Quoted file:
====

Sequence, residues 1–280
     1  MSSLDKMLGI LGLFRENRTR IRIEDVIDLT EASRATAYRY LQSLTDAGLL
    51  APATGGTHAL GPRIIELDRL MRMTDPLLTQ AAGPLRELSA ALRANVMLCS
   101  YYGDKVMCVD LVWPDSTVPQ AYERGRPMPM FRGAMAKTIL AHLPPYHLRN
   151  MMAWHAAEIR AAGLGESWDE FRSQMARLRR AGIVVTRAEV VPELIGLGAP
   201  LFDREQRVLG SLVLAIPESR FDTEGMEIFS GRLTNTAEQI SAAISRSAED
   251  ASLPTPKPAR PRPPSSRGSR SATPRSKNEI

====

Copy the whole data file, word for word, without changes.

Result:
Sequence, residues 1–280
     1  MSSLDKMLGI LGLFRENRTR IRIEDVIDLT EASRATAYRY LQSLTDAGLL
    51  APATGGTHAL GPRIIELDRL MRMTDPLLTQ AAGPLRELSA ALRANVMLCS
   101  YYGDKVMCVD LVWPDSTVPQ AYERGRPMPM FRGAMAKTIL AHLPPYHLRN
   151  MMAWHAAEIR AAGLGESWDE FRSQMARLRR AGIVVTRAEV VPELIGLGAP
   201  LFDREQRVLG SLVLAIPESR FDTEGMEIFS GRLTNTAEQI SAAISRSAED
   251  ASLPTPKPAR PRPPSSRGSR SATPRSKNEI